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I think I'm almost there. I have a working version for a single line that updates dynamically, but am having trouble getting to the multi-line part. I believe it has something to do with the way the data is being filtered at _selection.each. Not sure the best way to proceed from here though. The example found here (Drawing Multiple Lines in D3.js) seems to deal with this without much work.

Here is the jsfiddle for this, but the code is represented below as well: http://jsfiddle.net/seoulbrother/NhK43/

Thanks in advance. Also, would love to hear best practices regarding this as well.

So if I have a page with a matrix where each row represents a time-series:

<html>
<body>
<div id="container"><div id="viz"></div></div>
</body>
</html>

<script type="text/javascript">
var matrix = [
 [23,12,44,22,12,33,14,76,45,55,66,55],
 [33,22,11,88,32,63,13,36,35,51,26,25]
];
</script>

I call this using:

mult_line = d3.graph.line(500, 250, "#viz");
d3.select("#container").datum(matrix).call(mult_line);

where d3.graph.line is:

d3.graph.line = function module(w, h, id) {
    var svg;
    var margin = {top: 10, right: 20, bottom: 20, left: 40},
        width = w - margin.left - margin.right,
        height = h - margin.top - margin.bottom;

    function chart(_selection) {
       _selection.each(function(_data) {
            console.log(_data);
            var x = d3.scale.linear().domain([1, _data.length]).range([0, width]);
            var y = d3.scale.linear().domain([0, 100]).range([height, 0]);

            var xAxis = d3.svg.axis().scale(x).ticks(5).orient("bottom");       
            var yAxis = d3.svg.axis().scale(y).ticks(5).orient("left");

            var line = d3.svg.line()
                .x(function(d,i) { return x(i+1); })
                .y(function(d) { return y(d); });

            if (!svg){
                svg = d3.select(id).append("svg")
                    .attr("width", width + margin.left + margin.right)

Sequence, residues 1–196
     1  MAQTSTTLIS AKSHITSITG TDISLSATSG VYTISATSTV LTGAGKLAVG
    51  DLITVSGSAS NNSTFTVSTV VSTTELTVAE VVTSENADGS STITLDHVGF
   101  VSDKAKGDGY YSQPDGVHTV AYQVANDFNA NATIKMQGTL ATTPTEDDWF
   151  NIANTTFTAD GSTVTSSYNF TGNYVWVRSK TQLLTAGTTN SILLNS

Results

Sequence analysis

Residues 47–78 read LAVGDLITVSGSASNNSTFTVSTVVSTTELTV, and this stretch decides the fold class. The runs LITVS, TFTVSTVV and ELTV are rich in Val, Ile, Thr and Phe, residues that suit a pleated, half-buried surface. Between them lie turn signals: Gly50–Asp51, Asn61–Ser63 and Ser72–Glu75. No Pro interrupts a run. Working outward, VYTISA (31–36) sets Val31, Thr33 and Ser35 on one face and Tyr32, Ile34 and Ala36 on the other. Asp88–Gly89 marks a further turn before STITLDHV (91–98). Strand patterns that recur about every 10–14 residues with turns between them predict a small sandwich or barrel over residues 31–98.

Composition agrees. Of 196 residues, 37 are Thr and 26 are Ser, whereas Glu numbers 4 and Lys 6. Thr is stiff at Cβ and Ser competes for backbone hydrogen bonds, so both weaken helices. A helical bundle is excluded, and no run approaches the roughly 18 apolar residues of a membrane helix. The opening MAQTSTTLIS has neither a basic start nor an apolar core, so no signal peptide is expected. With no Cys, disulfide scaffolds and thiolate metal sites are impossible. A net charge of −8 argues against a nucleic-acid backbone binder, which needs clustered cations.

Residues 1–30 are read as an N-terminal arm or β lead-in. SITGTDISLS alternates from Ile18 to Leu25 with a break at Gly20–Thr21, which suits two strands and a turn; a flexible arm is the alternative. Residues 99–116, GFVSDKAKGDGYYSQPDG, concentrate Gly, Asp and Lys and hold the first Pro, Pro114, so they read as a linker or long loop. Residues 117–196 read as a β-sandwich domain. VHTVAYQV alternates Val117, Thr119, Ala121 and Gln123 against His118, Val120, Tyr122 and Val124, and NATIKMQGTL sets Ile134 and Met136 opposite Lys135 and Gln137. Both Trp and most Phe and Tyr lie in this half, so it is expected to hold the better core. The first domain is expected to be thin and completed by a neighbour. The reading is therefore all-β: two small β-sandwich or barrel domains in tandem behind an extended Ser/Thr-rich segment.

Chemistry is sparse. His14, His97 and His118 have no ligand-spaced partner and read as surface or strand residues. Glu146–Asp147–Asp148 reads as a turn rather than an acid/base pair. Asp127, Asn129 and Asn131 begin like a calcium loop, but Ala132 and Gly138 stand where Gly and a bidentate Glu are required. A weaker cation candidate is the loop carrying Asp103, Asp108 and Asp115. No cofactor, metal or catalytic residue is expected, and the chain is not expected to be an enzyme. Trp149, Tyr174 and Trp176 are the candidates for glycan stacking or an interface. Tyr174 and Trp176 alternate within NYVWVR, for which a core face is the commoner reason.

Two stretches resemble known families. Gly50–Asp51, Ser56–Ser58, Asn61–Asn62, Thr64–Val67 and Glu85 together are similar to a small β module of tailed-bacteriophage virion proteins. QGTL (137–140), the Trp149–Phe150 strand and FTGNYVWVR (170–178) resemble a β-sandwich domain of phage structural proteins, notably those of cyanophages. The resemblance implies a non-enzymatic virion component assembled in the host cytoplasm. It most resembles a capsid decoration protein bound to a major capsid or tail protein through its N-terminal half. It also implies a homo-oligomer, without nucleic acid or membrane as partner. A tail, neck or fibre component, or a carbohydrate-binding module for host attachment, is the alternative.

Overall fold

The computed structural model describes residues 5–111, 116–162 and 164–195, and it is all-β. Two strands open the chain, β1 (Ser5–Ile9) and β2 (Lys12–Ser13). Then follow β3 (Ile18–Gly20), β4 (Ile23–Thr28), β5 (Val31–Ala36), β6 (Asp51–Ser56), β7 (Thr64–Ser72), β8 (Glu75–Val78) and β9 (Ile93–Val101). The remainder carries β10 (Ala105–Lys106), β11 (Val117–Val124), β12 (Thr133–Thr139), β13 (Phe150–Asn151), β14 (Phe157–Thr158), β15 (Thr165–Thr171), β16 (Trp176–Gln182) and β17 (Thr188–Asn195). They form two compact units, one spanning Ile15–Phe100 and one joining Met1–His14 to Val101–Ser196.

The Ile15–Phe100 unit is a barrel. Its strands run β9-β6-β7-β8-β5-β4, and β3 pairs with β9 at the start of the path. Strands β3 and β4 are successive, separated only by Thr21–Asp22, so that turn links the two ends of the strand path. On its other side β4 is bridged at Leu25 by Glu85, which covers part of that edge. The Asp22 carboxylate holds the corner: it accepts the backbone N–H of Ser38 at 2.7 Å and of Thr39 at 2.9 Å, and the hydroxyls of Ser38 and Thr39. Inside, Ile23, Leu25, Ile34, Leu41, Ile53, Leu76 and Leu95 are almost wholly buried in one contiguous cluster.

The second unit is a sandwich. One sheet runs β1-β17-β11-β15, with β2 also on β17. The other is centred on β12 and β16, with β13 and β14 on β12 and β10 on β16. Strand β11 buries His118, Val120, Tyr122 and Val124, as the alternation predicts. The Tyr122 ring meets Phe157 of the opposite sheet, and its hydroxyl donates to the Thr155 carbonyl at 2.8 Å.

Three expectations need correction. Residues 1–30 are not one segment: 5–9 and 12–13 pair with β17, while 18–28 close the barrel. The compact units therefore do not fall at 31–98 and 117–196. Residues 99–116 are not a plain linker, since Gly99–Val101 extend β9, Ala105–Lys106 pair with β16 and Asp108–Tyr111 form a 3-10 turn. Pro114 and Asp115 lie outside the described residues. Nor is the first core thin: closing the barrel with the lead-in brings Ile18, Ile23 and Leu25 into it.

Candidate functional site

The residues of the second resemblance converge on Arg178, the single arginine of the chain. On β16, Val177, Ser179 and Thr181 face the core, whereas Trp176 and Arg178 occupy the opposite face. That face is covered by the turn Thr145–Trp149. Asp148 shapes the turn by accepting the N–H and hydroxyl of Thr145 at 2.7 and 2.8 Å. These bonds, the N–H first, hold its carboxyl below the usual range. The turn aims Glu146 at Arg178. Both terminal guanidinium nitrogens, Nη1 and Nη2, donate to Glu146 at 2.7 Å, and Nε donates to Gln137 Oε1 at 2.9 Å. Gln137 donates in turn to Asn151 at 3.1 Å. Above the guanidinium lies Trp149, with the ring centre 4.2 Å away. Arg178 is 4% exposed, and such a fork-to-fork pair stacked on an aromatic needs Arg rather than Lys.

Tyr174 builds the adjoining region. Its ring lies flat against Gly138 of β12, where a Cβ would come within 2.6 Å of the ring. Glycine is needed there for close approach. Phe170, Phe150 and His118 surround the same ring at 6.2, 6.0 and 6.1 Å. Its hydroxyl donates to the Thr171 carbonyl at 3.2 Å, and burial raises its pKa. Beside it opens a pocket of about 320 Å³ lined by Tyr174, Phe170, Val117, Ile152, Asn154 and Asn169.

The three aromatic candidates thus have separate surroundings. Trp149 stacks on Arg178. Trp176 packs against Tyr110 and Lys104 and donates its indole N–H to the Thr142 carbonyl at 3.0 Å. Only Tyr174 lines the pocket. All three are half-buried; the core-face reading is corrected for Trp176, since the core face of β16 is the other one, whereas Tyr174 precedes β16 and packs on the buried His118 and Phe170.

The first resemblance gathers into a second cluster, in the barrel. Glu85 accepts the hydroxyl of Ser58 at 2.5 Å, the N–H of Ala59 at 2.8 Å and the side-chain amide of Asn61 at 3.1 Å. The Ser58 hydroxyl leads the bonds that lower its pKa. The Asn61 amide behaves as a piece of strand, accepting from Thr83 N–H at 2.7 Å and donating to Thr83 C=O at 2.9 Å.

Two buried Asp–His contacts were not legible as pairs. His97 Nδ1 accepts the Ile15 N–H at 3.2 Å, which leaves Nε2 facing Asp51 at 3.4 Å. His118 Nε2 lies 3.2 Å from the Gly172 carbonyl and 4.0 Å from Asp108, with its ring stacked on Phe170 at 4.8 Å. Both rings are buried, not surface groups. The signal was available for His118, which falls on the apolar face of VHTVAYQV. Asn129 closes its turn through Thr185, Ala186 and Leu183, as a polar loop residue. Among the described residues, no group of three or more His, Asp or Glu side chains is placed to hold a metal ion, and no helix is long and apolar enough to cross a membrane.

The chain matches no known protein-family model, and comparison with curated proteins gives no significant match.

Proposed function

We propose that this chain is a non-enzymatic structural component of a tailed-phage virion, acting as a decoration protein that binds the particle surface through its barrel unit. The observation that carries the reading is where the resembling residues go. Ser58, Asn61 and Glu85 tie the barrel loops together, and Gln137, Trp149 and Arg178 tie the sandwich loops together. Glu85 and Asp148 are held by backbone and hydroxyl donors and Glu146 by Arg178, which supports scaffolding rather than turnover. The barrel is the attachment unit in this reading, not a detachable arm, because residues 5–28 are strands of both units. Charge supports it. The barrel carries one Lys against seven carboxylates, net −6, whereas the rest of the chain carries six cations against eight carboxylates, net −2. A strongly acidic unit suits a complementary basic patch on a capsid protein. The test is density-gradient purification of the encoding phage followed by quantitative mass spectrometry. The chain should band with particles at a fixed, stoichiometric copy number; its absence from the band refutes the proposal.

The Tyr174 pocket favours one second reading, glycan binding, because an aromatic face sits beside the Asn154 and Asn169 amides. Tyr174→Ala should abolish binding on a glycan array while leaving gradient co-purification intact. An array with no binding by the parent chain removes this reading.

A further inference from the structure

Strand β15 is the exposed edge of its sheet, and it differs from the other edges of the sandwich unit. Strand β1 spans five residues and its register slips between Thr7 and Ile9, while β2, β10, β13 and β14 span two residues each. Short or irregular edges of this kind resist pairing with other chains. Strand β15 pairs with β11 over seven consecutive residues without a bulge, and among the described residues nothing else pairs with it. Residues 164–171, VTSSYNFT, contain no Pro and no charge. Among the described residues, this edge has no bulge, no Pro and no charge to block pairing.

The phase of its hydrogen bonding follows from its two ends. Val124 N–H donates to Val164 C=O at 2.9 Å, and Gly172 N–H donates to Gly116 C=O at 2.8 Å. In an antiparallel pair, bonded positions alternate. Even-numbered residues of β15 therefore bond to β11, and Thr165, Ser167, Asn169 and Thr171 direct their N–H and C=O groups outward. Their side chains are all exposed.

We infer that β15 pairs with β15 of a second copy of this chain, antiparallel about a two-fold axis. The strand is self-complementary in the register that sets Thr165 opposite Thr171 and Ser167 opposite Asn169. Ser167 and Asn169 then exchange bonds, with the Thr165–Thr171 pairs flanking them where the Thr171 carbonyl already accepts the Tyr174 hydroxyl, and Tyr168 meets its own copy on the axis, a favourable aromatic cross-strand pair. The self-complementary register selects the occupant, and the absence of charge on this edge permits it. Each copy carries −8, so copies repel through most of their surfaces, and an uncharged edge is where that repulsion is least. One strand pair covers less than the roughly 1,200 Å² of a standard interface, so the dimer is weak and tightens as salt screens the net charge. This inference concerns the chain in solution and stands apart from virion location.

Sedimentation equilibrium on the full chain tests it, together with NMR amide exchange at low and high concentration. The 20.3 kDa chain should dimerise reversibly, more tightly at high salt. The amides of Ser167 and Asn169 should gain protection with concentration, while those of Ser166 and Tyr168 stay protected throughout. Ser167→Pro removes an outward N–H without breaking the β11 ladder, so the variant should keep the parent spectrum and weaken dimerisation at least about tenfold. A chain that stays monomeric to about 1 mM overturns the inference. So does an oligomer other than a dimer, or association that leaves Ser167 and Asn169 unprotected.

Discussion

.attr("height", height + margin.top + margin.bottom)
                    .append("g")
                    .attr("transform", "translate(" + margin.left + "," + margin.top + ")");

                svg.append("path")
                    .attr("class","line")
                    .attr("d", line(_data));

                svg.append("g")
                      .attr("class", "x-axis")
                      .attr("transform", "translate(0," + height + ")")
                      .call(xAxis);

                svg.append("g")
                      .attr("class", "y-axis")
                      .call(yAxis);
            }

            var line_m = d3.selectAll("path.line")
                .data(_data);

            line_m.transition()
                .duration(1000)
                .attr('d', line(_data));

            line_m.enter().append("path")
                .attr("d",line(_data));

            update_axis();
            function update_axis() {
                d3.select(".x-axis").call(xAxis);
            }
        });
    }
    return chart;
}
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How did this work out for you? –  meetamit Dec 6 '13 at 22:41

1 Answer 1

I think there may be varying opinions about this, but I wouldn't use selection.datum() as the mechanism of passing data into the chart component. Instead, I would add a .data() setter method as a property of the multiline component. I would do the same for width, height, etc. This is the way d3's components are implemented (for example, check out the source code for the d3.svg.axis). Then your chart creation would look like this:

mult_line = d3.graph.line()
  .width(500)
  .height(250)
  .id("#viz")
  .data(matrix);
d3.select("#container").call(mult_line);

You can refine this so that there are 2 data-setting methods of multiline: .data() and .multilineData(). The first would expect data for a single line (an array) and the 2nd would expect an array of arrays (multiline). Internally, they'd always be represented as an array of arrays. That way, the chart drawing code always expects to draw multiline data, except sometimes the data has just one line.

share|improve this answer
1  
More on why & how to create charts w/ this pattern: bost.ocks.org/mike/chart –  Adam Pearce Dec 3 '13 at 19:12
    
@AdamPearce Nice! I didn't know about this one. –  meetamit Dec 3 '13 at 19:21

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